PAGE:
2009-2011: I am unemployed for 2.5 years (and unemployment insurance barely lasted for two). I have been devoting 1-2 days a week of full time duty tending to Grandma (and my own declining mother) from 2008-2010. Grandma dies in the beginning of 2010. Our building has been sold from its original owner (who was murdered) and the shenanigans begin in earnest.
2012: Finally working full time again, yet still broke a lot. Apartment construction took a lot of time. Around this time, mother and I never leave the apartment unoccupied.
2013-2014ish: For an 8 month period, the door breaks and literally won’t lock.
2016: Injure my knee briefly. Work drastically changes, am unsure if I will cut it and plan month to month.
2017: I cut it, but the company folds. Immediately found new company with co-workers and management, yet still unsure how long it will last. I learned that in the industry I was in, a company can go from “normal week, full payroll,” to “everyone’s fired” within a weekend.
2018: Facing eviction. Likely the end of the economic road.
Some of the years are fudgy but you get the point. After all, I don’t review what year the bullying happened. For a large chunk of my life, especially post-puberty, I was reeling from one thing or another. And amid all this I was still trying to have a life, hang with friends, date, do hobbies, etc. But for large chunks of time it took a back seat. It seems unfair to date, for instance, when I am broke. Or spending most of my time on relatives. Or morbidly depressed. Or worried I am about to lose my job any week. Or, in 2018, expecting to be on the street sometime after August.
Now, these sorts of woes are nothing compared to what most people have faced (although in my defense, this list is the Cliff’s Notes of Cliff’s Notes). And there are plenty of people who have dated thru tragedies. War, death, hell, sometimes tragedy is the motivation for a pointless rebound fling. Lord have I considered quitting my job, cashing in unused sick/vacation days, going to Vegas, and becoming a man (and going on a drinking binge) for a week or so. But ultimately that’s only a distraction and won’t solve anything. But I never felt comfortable dating when the background radiation of my life was hardship. And the shame of it is that hardship is all I have ever known. It’s relative, of course. I have never been raped, or suffered a stint in a hospital. I don’t live in a third world country. I imagine most kids in Iraq would consider my life paradise. But that doesn’t negate the fact that for me, it has always felt like my dating woes were more than just my inner lameness, or lack of charisma, or even poor luck. That life itself was organizing against me. That any time I took a step forward, I was knocked five back. I have adapted to more in my time than most of my male friends will ever know, or comprehend. It would have killed them in a week. But there are times I wonder if not all of me made it, if a part of my soul hasn’t come out whole since childhood.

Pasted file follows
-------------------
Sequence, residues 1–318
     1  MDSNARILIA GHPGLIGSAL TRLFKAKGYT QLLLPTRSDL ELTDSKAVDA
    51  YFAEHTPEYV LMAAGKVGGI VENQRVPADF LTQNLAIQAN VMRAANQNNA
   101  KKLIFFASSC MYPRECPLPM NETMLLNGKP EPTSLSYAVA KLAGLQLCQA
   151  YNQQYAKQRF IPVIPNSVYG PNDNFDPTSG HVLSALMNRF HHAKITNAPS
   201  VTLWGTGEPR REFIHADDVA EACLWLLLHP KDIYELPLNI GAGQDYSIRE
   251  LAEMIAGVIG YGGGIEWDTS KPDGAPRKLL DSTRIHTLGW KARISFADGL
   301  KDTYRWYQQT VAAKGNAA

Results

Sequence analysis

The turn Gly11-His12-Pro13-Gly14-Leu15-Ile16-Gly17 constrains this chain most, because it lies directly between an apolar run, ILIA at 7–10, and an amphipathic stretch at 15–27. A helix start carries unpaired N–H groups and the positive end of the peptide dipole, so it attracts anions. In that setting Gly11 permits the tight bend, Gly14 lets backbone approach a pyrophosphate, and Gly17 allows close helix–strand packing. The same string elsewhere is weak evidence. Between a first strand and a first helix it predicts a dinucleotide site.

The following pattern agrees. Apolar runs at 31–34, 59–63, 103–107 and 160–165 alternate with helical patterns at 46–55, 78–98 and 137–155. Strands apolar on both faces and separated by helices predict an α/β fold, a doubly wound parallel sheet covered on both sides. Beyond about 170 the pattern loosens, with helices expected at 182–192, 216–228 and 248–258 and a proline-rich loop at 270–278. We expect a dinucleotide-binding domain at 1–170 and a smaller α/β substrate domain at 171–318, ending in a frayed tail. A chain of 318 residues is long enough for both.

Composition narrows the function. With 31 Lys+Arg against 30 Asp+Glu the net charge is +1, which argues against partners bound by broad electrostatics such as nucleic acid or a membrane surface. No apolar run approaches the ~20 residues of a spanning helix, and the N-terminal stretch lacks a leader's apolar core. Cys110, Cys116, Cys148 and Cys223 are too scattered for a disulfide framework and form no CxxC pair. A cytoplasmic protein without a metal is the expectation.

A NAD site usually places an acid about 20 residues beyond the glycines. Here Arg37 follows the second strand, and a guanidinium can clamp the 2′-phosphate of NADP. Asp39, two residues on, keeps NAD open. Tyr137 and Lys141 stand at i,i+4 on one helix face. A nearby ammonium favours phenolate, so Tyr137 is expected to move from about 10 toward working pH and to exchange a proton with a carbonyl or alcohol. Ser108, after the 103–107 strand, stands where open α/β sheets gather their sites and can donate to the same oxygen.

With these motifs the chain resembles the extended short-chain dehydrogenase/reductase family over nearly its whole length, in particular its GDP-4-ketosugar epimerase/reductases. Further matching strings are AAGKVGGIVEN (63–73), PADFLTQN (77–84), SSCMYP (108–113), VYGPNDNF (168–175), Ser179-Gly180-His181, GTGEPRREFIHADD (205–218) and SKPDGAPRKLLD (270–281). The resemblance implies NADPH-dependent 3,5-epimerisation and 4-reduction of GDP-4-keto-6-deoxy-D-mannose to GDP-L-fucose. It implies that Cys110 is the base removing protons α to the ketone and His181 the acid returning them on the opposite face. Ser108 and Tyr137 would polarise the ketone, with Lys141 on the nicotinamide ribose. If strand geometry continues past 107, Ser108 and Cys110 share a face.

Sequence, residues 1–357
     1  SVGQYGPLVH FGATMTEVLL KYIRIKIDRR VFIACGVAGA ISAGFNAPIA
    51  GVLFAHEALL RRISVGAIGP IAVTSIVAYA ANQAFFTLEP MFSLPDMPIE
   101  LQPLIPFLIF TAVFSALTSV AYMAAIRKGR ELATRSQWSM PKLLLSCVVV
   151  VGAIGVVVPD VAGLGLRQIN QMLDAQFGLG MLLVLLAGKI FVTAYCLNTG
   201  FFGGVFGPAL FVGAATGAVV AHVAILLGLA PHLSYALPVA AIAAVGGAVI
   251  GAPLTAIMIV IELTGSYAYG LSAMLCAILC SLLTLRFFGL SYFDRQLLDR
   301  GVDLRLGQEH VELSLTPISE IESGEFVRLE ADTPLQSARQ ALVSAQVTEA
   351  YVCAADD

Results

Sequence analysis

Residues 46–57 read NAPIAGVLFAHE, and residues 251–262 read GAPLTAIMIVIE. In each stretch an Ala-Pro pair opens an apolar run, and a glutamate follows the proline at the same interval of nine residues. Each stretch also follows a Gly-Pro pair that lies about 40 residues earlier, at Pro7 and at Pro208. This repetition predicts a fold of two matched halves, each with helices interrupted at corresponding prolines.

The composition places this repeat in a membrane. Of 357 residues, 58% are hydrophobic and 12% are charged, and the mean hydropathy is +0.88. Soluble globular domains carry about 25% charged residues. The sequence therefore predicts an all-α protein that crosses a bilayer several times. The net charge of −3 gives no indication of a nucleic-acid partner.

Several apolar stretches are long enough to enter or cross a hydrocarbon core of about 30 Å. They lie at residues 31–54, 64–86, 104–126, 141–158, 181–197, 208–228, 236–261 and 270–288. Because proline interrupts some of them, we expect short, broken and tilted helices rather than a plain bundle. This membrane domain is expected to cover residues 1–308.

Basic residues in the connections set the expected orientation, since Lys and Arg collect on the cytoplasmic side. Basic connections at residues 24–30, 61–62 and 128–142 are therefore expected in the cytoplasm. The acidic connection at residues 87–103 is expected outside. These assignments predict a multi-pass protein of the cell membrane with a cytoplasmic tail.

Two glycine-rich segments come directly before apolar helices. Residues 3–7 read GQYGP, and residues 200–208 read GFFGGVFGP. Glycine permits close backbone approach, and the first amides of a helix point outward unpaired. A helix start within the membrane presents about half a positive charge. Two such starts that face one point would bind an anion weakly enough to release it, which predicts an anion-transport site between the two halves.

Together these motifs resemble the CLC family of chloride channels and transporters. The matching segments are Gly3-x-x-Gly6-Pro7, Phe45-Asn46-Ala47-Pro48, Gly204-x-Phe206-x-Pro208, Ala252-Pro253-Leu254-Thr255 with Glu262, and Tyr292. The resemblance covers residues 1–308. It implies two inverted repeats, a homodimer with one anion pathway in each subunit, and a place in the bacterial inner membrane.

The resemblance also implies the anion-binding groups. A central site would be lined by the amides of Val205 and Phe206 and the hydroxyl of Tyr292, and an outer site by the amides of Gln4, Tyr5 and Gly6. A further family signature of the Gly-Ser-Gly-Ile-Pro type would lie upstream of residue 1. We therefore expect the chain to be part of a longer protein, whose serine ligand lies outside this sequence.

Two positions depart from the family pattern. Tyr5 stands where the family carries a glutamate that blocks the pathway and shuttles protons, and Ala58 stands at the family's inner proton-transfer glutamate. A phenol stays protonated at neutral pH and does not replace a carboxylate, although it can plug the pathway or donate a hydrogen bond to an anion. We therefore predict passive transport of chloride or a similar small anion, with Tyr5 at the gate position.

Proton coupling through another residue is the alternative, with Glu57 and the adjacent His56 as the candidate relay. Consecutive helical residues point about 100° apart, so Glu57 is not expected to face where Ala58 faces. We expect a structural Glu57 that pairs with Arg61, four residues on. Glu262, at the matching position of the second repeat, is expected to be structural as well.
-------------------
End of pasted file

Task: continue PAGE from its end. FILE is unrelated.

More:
And I wonder if my desire to write is born out of nothing more than an attempt to be remembered when life finally knocks me back hard enough that I fail to get up. So that whatever wisp of a life I had or didn’t have didn’t just vanish altogether. So, to quote the best line from Blade Runner,
“all those moments won’t be lost in time. Like tears in rain.”
I was the Dateless-Man, and I was here. Hardly anyone noticed, but I was here. And for now, I am still here.
The annoying thing is, before this eviction mess began, I actually had some interesting anecdotes to add to the blog! I ran into an old friend, however briefly, who invites a topic about dating mothers. And I have a development relating to the fetish I reveal exists but never talk about! And that long awaited lecture about a film which meant a lot to me at a terrible time of my life. I hope to share all of these with everyone reading the blog soon.
Assuming I am not writing it from under an overpass.